the strawberry festival.
Tuttle in California E. S. Tuttle,
payroll clerk employed in John
son hall, is vacationing in Califor
nia. He will return Wednesday.
* * *
Alum at Harvard Robert
! Jackson, Rhodes scholar and for
mer University student, has been
awarded a teaching fellowship in
mathematical physics at Harvard
university for next year.
Withdraws From School Henry
I Robert has withdrawn from school
and has returned to his home in
Portland. He plans to enter Lou
isiana State University next fall.
Visits in Portland Earl Buck
num spent the weekend in Port
land. He returned to the campus
Send the Emerald to your friends.
Tin1 Haircut With a
OKl-XiO.N BAUBKR SIIOl
f Campus to Have
Week in Foreign
May 19-2.1 to Bo Set Aside
For Annual Event
The week of May 19-25 will b"
observed as Foreign Trade week
by chamber of commerce in many
of the American cities and towns,
as well as on the University of
Oregon campus. This week, each j
year, includes May 22 which is!
national maritime day, officially'
designated by the congress of the J
The purpose of Foreign Trade
week is to emphasize the impor
tance of markets abroad for the
products of American factories,
farms, mines and forests, and to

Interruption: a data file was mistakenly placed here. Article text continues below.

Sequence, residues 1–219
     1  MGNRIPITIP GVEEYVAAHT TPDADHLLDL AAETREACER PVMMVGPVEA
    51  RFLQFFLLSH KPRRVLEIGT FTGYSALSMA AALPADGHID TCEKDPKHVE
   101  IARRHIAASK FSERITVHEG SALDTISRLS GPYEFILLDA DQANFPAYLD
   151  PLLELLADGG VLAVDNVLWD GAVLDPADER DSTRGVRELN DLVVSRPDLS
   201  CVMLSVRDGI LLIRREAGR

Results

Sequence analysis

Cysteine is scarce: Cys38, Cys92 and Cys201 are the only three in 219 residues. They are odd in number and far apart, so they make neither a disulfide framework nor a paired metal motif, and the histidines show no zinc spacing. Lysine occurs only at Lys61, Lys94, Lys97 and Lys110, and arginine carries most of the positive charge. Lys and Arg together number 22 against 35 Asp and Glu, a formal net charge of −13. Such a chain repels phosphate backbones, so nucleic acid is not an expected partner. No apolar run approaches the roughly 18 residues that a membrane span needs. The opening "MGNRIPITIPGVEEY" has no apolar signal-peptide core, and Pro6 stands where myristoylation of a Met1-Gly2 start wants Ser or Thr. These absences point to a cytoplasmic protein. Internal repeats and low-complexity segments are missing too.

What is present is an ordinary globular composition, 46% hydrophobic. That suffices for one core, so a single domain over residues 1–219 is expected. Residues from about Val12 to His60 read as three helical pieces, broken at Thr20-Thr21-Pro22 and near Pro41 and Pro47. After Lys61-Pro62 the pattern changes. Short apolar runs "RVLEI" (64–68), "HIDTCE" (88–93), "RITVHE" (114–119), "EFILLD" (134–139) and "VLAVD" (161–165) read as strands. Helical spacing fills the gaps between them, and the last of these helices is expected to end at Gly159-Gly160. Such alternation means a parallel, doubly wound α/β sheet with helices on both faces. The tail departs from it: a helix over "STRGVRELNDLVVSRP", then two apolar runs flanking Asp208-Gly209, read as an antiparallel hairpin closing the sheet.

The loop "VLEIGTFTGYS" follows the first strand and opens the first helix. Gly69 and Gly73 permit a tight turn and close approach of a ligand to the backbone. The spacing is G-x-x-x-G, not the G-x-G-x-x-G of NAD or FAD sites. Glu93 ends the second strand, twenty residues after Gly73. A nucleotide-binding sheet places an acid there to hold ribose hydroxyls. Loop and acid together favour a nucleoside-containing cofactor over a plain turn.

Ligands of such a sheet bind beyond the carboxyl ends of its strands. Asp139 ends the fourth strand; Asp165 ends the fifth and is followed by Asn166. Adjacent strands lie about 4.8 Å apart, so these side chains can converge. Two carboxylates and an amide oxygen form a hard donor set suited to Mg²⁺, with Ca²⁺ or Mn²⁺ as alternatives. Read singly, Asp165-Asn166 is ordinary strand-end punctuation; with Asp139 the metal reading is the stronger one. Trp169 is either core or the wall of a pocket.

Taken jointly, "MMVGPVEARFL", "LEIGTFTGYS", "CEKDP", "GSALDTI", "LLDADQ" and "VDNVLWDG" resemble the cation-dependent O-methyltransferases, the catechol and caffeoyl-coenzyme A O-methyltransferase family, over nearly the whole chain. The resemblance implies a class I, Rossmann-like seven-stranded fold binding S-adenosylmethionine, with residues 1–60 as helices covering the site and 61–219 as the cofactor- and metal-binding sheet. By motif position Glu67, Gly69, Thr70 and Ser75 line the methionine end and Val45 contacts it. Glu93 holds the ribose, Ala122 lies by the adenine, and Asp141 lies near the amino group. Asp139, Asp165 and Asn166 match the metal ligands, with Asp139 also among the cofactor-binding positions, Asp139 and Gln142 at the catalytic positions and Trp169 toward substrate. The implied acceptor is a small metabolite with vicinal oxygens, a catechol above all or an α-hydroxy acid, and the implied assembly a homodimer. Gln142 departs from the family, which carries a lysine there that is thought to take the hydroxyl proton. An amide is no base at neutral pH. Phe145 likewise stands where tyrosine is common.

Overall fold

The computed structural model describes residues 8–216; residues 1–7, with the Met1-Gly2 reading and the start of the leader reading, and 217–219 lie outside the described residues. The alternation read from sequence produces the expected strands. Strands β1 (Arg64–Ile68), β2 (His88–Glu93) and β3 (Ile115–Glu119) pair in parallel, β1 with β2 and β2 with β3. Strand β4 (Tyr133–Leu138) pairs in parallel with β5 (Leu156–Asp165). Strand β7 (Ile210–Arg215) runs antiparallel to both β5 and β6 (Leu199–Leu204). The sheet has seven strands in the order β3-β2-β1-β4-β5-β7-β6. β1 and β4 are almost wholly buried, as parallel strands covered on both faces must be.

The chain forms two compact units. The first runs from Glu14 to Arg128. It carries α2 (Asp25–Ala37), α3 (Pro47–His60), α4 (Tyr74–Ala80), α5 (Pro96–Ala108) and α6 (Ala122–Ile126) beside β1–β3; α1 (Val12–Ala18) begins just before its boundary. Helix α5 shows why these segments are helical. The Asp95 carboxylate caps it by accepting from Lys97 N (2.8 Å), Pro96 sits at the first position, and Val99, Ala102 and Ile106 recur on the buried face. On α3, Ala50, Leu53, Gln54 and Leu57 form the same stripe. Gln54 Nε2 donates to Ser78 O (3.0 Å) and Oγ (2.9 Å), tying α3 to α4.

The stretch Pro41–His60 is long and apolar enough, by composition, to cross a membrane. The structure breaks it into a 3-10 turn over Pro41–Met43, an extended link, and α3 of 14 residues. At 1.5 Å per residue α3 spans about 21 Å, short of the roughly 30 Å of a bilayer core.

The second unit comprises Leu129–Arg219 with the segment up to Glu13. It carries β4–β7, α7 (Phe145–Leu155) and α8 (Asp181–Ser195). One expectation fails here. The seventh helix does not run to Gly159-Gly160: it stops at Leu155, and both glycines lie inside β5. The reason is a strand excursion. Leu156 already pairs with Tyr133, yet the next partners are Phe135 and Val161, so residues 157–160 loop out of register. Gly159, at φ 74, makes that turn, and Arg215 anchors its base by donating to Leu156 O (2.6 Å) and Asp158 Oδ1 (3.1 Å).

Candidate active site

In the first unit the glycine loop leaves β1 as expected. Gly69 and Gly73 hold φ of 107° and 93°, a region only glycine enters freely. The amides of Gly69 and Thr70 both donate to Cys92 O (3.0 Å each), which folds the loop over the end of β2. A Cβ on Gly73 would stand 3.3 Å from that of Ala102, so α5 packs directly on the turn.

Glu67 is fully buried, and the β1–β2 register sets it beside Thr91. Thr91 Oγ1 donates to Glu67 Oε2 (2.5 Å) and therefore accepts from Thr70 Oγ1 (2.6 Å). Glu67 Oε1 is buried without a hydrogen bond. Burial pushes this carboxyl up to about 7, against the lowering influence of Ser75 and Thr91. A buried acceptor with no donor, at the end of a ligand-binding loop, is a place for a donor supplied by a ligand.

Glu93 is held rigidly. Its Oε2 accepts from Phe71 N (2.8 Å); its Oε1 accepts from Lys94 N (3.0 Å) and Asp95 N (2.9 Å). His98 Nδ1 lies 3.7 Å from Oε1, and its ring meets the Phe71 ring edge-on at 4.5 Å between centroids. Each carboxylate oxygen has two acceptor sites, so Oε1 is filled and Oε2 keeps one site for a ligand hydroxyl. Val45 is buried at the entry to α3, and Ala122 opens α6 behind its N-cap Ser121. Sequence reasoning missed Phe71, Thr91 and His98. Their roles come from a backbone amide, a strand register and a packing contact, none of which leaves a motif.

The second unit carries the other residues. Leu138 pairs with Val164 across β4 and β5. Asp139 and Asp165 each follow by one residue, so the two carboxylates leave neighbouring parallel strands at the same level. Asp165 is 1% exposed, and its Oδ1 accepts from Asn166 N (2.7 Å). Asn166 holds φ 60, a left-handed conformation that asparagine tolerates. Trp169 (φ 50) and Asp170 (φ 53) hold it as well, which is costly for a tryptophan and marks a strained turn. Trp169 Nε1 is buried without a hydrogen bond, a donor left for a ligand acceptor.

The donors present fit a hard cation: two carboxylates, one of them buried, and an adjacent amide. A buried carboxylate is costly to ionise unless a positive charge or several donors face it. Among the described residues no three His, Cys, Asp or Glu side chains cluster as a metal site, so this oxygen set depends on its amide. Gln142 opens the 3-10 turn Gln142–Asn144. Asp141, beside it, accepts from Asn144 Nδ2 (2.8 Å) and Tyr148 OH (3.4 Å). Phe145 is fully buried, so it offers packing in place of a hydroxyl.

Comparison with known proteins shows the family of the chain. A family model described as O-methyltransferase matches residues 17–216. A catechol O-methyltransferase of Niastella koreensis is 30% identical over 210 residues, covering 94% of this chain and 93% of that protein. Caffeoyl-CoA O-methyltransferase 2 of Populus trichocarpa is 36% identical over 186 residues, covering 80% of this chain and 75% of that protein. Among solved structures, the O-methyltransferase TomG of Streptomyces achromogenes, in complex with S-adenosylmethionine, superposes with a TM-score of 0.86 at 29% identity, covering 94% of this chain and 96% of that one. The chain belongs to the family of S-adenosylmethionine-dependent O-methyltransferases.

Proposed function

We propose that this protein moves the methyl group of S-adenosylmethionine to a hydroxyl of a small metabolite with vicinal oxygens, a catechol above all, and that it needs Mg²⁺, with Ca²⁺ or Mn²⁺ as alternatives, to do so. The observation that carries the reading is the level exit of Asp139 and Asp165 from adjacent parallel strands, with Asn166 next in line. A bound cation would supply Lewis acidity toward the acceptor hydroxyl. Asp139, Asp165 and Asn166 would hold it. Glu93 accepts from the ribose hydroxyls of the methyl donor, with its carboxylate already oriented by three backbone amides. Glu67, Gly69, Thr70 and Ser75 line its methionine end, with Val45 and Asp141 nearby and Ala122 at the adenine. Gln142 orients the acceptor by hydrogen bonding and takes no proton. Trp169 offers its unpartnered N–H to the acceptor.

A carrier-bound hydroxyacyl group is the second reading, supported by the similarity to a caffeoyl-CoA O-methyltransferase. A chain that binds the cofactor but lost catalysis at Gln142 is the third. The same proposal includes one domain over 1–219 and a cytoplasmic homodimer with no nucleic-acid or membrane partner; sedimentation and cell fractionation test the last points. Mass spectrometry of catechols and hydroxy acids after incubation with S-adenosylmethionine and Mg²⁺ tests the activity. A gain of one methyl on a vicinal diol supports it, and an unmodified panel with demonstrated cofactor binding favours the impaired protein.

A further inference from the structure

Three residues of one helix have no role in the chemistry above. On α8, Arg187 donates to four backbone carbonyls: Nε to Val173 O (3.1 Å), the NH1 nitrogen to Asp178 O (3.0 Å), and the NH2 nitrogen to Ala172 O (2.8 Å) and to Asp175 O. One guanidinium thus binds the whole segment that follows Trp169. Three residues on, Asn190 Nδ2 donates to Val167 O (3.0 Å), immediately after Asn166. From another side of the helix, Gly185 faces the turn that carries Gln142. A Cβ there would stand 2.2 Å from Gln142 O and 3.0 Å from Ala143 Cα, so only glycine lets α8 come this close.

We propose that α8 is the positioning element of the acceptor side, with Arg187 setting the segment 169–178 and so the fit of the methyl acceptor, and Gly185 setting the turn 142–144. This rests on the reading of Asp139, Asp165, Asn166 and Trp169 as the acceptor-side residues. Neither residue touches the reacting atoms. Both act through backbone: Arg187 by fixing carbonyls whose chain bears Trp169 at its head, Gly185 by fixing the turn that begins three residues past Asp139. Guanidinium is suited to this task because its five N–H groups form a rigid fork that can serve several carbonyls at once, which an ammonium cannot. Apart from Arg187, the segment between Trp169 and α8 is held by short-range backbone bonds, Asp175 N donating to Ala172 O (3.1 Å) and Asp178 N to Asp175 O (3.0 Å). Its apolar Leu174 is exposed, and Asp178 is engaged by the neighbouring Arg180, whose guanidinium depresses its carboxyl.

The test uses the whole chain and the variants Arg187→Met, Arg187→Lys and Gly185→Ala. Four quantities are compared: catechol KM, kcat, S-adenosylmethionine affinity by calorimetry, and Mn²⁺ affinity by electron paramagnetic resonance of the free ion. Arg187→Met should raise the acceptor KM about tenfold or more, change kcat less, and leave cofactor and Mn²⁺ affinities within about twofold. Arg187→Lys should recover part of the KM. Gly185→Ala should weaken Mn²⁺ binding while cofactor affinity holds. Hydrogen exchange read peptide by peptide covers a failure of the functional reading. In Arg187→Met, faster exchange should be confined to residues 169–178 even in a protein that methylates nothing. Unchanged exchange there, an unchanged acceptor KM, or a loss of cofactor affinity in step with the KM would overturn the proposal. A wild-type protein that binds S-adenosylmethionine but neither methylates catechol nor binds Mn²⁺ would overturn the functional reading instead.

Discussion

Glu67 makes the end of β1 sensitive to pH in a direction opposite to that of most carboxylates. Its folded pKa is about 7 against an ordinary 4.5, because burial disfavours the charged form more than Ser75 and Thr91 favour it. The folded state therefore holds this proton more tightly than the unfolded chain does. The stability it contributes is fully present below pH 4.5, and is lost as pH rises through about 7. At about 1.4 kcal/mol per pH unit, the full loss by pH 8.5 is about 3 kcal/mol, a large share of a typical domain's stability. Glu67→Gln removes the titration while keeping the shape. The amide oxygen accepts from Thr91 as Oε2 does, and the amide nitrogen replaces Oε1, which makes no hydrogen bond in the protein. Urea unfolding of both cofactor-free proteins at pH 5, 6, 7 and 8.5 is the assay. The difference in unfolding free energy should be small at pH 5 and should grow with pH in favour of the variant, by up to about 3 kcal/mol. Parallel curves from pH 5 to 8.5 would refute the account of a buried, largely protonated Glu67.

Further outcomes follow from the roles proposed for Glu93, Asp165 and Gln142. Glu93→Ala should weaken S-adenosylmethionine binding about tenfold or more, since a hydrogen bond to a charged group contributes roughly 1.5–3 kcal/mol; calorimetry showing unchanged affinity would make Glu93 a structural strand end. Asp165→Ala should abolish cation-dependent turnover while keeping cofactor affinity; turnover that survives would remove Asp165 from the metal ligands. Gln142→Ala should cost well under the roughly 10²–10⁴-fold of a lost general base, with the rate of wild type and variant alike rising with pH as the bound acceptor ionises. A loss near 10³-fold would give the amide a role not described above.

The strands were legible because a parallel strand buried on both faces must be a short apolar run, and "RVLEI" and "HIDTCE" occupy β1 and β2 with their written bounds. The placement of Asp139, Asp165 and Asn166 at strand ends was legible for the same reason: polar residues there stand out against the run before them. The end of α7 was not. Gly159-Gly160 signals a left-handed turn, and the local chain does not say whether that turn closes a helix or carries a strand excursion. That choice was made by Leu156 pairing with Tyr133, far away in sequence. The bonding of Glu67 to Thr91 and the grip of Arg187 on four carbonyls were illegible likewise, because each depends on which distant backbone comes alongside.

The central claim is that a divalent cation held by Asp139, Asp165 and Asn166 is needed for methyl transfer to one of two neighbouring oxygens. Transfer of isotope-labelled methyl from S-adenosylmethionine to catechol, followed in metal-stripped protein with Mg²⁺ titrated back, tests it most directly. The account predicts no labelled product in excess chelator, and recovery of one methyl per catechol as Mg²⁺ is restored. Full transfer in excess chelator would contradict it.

bring to the public the necessary
recognition of the importance of
foreign trade in our national life.
It will also direct attention to the
dependence of American industries
and population upon foreign coun
tries for raw materials, food pro
ducts and other essential imports.
A. L. Lomax, professor of busi
ness administration, will deliver a
speech at Lincoln high school in
Portland this morning concerning
foreign trade problems, and other
members of the foreign trade ad
visory board will talk in different
D. C. Roper, secretary of the de
partment of commerce, gave a
radio talk yesterday noon, and
Cordell Hull, secretary of state,
will deliver a speech on the same
subject Friday evening, May 24 at
9:45 (E. S. T.)
Other types of activities under
taken by chambers of commerce at
present conducting the foreign